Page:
The 1998 Adana Memorandum between Syria and Turkey requires both parties to take the necessary steps to remove PKK fighters from Syria’s border.
Thousands of Turkish troops have been deployed to Syria, along with dozens of military outposts and facilities, which Damascus considers a breach of Syrian sovereignty.
The Astana process’s most recent meeting involving Turkey, Russia, and Iran took place in December. It remains to be seen how Turkey’s prospective conflicts with Russia over its pro-Ukraine neutrality stance will affect Syria’s dynamics.
Turkey has attempted to compartmentalize its disagreements with Russia over Ukraine in its involvement with Moscow in Syria, according to Ramani.
“Russian and Turkish patrols in northern Syria have continued, despite Russian tanks brandishing the Z symbol of support for the fight, which Turkey condemns.” “Turkey’s ability to interact with Russia in theaters like Syria, while disapproving with its actions in Ukraine, is a paradigm for Western countries to follow,” presidential spokesman Ibrahim Kalin said.
Ramani believes Moscow will have no issues to talking with Ankara in Syria because Turkey has not joined Western sanctions against Russia.
He added, “It will also welcome negotiations between Turkey and Assad.”
Turkey, according to Siccardi, has a lot to lose in Syria, and a change in the status quo in Idlib might be disastrous for Ankara.
“There are around 3 million civilians who have sought safety there.” An onslaught by the Assad administration, backed by Moscow, could result in a large number of refugees streaming into Turkey, where around 4 million Syrians have already sought refuge. This would be extremely harmful to Erdogan, who is attempting to ensure the safe return of the majority of Syrian refugees presently residing in Turkey. Turkey will continue to be cautious and protective of its relations with Moscow in order to avoid this outcome.”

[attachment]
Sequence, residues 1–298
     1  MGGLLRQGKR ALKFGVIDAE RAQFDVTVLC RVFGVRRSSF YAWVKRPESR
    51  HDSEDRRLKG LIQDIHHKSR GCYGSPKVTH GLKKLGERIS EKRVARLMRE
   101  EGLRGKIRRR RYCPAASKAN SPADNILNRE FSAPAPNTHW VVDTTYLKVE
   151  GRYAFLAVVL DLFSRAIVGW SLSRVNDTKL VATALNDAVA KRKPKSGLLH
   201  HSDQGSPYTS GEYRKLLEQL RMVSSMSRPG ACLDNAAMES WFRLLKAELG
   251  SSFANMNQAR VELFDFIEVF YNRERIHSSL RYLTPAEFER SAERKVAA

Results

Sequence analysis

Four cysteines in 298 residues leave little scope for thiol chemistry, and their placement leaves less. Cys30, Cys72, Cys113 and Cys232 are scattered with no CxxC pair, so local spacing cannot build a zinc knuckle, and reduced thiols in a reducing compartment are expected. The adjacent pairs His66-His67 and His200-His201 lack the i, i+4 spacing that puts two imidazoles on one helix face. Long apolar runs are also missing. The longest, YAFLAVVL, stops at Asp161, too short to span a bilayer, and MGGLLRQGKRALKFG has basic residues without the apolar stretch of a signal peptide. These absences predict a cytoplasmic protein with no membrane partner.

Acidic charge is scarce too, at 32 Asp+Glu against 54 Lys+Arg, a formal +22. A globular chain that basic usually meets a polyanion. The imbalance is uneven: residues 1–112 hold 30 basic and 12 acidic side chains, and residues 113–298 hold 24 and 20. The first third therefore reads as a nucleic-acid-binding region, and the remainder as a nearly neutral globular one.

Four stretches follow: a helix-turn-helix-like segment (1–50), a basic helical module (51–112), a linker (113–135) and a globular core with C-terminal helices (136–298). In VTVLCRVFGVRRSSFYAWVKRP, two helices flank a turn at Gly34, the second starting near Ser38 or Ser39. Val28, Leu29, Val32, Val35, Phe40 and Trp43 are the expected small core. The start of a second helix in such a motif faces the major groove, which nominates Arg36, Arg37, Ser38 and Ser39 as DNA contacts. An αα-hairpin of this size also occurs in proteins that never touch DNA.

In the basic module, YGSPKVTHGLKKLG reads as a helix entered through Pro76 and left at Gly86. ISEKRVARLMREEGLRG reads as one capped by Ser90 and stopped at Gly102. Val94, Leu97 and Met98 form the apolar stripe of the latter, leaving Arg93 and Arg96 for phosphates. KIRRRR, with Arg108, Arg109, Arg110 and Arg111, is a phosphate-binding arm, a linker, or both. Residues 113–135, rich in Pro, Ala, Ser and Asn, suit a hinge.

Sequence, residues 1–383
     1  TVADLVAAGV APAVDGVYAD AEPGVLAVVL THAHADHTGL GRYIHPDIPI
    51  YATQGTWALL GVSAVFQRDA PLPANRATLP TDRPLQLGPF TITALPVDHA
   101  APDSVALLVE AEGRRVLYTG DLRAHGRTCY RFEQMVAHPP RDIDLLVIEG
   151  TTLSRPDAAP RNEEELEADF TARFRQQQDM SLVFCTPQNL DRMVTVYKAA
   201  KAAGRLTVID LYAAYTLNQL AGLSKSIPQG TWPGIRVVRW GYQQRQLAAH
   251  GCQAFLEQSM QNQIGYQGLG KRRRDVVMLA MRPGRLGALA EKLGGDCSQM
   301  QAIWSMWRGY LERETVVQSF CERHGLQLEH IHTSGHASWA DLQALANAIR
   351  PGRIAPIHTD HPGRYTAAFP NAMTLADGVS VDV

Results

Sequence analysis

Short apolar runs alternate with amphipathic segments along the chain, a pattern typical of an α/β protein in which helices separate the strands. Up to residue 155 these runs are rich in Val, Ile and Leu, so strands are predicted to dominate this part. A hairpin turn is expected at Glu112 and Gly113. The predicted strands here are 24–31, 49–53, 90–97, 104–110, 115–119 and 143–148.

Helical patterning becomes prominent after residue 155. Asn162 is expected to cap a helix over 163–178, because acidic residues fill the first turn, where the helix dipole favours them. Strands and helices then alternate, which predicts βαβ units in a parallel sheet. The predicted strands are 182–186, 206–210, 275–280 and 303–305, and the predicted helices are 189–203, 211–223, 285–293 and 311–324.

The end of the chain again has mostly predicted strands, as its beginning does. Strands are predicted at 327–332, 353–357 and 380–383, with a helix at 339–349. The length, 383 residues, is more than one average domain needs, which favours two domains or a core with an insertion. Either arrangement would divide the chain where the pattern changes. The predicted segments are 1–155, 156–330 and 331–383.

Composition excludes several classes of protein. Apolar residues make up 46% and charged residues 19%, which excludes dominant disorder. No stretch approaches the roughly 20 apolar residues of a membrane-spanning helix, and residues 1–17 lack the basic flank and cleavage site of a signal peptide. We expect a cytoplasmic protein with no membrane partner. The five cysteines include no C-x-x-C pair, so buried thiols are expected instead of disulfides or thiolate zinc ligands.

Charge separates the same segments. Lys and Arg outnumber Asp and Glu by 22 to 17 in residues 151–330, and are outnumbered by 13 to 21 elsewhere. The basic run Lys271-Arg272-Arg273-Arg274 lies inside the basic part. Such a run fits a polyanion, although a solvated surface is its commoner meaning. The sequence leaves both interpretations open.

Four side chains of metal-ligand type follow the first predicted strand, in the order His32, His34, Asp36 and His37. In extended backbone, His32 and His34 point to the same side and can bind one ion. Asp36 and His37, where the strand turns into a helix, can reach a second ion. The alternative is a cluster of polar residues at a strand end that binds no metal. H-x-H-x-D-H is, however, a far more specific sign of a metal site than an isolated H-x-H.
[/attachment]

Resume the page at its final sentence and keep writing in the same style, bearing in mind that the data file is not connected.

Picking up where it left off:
Last year, Erdogan raised the prospect of a fresh Turkish military assault in northern Syria against Kurdish forces. For the time being, such an offensive is not on the table in the United States.
“However, with the country’s legislative and presidential elections in 2023 in mind, any new plan for a military intervention in Syria will help Erdogan connect with his nationalistic constituency and stir up support,” said Aydin Sezer, an expert on Turkey-Russia ties.
“Last year, Russia refused to give Syria permission to launch a military offensive. However, given the current state of relations between Russia and the United States over the Ukrainian war, Russia may seek to launch a military offensive in Syria against Kurdish militants in order to entangle US forces in yet another conflict,” he added.
According to Sezer, if the Ankara-Damascus reconciliation yields fruit before the elections, refugees could be repatriated with certain political concessions.
“Damascus can urge Ankara to return Syrian National Army combatants who are largely Turkish citizens, and give its assistance in the repatriation of Syrian refugees,” he said, adding that “if Turkey coordinates its actions with the UAE in Syria, it should also align its plans with Russia.”
Ankara has maintained low-level interaction with Damascus through intelligence agencies for the past four years.
In 2019, Erdogan declared that Assad, “who is responsible for the deaths of more than 1 million Syrians,” would never be talked to.